The final stop before landfill: waste-to-energy plants

A massive waste-to-energy plant south of Perth will be up and running by the end of next year, transforming residential waste including plastics and metal into energy or reusable materials. Construction began on the privately-owned East Rockingham Waste-to-Energy plant in 2020 and by the time it’s fully operational it will deal with 300,000 tonnes of “red bin” waste each year, waste that would otherwise be destined for landfill sites now fast reaching capacity.

“Obviously, the goal is to reduce, reuse and recycle as much as possible,” says Jason Pugh, CEO of the Rockingham facility. “But the residual waste stream, at least for the near term, is here to stay.” A federal government grant of $18 million helped fund the $510 million project.

The plant is one of two waste-to-energy facilities under construction in Australia, both near Perth, and one of hundreds of waste-to-energy and bioenergy projects underway across the nation. Sewage sludge, abattoir waste, household waste, agricultural waste, forestry waste: all can be converted into energy or usable products by using a range of different methods, from anaerobic digestion to pyrolysis, or high-heat decomposition.

Despite the current activity, Australia has been slow to the bioenergy and waste-to-energy field, says Shahana McKenzie, chief executive officer of industry association Bioenergy Australia. “Australia has lagged behind other nations in terms of climate change policy and having a strategic approach to emissions reduction,” she says, adding that years spent debating the basics of climate change stifled the sector’s growth.

At the East Rockingham plant, everything that’s combustible will be burned at high temperatures to produce energy and keep emissions as low as possible. Pugh says the plant has a 60m high stack and “it’s very clean in terms of emissions”.

Just under 29 megawatts of electricity will be generated by the plant every hour and sent straight into the grid, he says. Non-combustible materials, such as metals, glass, sand and rock, will fall through a grate to a separate area for potential crushing and recovery. Magnets will be used to sort metals into ferrous and non-ferrous types and the plant will produce two sizes of aggregate. All will be sold.

Pugh says there are many advantages of a waste-to-energy system compared with landfill. “All the modern cities in the world have waste to energy, they’ve moved away from landfill,” he adds. “Our technology provider, Zurich-based HZI, they’ve done 500 plants internationally.”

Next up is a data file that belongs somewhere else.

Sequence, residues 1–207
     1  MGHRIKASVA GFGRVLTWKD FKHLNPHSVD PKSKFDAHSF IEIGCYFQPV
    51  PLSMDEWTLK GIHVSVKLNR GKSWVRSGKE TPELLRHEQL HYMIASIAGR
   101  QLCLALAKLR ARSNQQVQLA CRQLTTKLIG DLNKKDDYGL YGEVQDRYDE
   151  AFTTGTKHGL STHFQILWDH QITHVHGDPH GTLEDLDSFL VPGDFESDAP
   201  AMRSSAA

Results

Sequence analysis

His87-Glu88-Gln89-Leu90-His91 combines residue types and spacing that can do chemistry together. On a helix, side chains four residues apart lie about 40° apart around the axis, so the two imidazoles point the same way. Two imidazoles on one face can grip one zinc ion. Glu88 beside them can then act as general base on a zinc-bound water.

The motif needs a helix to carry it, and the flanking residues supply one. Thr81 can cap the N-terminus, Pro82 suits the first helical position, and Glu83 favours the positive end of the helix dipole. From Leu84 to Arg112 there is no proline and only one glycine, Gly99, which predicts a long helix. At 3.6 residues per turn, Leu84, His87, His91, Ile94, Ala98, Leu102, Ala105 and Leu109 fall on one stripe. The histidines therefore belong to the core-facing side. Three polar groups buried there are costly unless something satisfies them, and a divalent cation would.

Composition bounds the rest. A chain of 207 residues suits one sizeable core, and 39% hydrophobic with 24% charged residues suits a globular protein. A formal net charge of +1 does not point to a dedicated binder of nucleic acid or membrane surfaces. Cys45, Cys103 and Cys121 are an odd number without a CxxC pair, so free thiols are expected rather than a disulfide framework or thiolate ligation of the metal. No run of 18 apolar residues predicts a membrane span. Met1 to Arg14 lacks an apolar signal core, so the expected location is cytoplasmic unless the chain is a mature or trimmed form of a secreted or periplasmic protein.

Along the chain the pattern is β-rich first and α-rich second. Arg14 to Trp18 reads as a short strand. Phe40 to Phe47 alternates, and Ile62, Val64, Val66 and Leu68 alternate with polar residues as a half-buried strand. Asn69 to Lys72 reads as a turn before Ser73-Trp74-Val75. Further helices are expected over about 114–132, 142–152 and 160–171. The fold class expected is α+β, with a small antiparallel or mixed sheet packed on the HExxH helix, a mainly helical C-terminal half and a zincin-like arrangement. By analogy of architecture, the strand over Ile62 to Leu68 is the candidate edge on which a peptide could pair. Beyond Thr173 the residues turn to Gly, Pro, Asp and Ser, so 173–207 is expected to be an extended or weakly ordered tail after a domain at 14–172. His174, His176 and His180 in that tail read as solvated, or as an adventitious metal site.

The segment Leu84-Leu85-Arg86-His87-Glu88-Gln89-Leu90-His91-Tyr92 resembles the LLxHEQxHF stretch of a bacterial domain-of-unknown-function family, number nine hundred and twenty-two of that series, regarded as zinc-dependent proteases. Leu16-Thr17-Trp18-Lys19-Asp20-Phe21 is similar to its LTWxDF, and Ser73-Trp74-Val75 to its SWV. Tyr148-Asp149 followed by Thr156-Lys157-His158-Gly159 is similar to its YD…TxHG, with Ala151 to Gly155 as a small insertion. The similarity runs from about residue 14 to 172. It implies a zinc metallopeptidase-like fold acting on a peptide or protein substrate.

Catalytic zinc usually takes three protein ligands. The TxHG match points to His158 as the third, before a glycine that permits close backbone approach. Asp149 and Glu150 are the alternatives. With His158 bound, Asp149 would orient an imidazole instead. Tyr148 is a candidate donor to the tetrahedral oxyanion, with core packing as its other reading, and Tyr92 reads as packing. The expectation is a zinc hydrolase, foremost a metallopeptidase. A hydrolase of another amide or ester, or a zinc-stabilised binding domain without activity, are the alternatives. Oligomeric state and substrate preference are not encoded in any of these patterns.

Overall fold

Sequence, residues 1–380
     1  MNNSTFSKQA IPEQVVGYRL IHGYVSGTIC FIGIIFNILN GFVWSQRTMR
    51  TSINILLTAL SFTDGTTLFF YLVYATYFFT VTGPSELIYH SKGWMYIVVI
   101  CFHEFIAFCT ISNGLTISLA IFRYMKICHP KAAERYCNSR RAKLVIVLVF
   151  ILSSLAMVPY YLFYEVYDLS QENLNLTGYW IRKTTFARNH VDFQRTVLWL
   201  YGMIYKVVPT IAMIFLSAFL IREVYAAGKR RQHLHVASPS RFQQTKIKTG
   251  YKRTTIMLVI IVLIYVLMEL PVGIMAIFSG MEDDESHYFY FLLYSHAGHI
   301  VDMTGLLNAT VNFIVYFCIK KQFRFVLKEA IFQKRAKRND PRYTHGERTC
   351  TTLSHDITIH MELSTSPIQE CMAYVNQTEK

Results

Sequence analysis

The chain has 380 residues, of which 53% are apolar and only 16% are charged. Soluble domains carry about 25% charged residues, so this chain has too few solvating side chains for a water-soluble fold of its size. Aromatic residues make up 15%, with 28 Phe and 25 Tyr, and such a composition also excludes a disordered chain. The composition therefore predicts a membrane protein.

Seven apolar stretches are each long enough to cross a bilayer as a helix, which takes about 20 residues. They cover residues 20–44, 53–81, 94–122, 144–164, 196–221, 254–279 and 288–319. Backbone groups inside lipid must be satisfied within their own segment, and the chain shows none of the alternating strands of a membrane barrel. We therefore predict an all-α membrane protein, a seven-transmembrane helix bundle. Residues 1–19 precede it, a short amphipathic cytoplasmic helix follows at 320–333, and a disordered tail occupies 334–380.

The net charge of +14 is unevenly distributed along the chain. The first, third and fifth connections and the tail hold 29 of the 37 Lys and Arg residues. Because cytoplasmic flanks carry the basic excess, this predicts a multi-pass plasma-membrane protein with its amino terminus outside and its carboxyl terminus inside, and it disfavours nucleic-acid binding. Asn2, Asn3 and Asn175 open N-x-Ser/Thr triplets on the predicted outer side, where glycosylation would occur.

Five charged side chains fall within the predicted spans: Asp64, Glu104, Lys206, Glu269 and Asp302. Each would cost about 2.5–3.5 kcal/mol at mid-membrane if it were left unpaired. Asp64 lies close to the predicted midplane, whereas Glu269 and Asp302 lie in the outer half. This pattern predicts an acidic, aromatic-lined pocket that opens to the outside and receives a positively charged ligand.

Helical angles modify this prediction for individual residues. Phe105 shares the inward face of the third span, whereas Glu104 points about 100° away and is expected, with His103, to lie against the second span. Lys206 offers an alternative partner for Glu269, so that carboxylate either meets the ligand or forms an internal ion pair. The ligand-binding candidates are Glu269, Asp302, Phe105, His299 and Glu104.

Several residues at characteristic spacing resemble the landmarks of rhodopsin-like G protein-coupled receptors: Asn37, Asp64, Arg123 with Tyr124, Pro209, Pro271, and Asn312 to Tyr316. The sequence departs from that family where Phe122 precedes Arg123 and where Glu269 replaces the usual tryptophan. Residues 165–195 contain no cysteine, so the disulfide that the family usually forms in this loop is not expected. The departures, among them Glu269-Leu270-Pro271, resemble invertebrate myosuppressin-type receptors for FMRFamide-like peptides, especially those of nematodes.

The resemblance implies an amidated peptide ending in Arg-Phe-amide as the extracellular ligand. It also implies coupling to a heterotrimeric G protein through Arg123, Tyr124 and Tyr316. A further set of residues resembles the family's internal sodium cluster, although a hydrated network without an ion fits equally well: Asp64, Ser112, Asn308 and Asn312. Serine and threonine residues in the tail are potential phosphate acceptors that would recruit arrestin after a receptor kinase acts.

The federal government’s Australian Renewable Energy Agency (ARENA) in 2021 released a Bioenergy Roadmap with an overview of the bioenergy sector’s potential: $10 billion in extra GDP per annum and 26,200 new jobs, as well as a potential 9 per cent reduction in emissions, boosting fuel security and diverting waste from landfill.

“Where possible, waste should not be going to landfill, it should go to a higher value purpose,” McKenzie says, noting that amongst other things, waste can be used to produce energy in the form of biogas. About 240 anaerobic digesters are now at work across Australia capturing gas from organic waste streams. This biogas can be used to provide on-site power at the sewage treatment plants, abattoirs, and landfill sites where it is produced.

Transformed into biomethane, biogas can also be injected directly into the gas network, McKenzie says. Sydney Water’s wastewater plant at Malabar began adding biomethane to the gas network in June this year, and McKenzie says it’s been estimated that biomethane could supply 20 per cent of Australia’s domestic gas use by 2030.

Meanwhile, a CSIRO-Boeing Sustainable Aviation Fuel Roadmap published in August found Australia was in a “prime position” to capitalise on abundant organic waste streams – feedstock – to produce sustainable aviation fuel. The report estimated that by 2025 Australia would have sufficient feedstock resources to produce almost five billion litres of sustainable aviation fuel – nearly 60 per cent of the Australian jet fuel demand projected for 2025.

Across the nation, in the central NSW town of Manildra, MSM Milling is using biowaste to power a boiler used for oil seed milling and processing – principally for producing edible canola oil and other canola oil products. Before investing in the biomass boiler, LP bottled gas was trucked into the plant to generate the steam needed for the production, says MSM Milling director Bob Mac Smith.

“We need a lot of steam,” he says. “It got crazy expensive; not only were we paying for the product we were paying for the transport as well.” He and his colleagues considered alternatives and finally chose to use a $2 million federal government grant to assist with the purchase of an automated biomass boiler made in Denmark, where biomass has long been used to produce thermal energy.

Operating since 2019, and costing $5.8 million, the boiler now consumes about 100 tonnes of biomass each week, waste such as thinnings and sawdust residue from local state forestry managed operations, and it has generated a lot of interest from other Australian operations, Mac Smith says.

“Several units have been installed by other regionally-based businesses since this one was put in,” he adds. “This one has been terrific.”

Australian Financial Review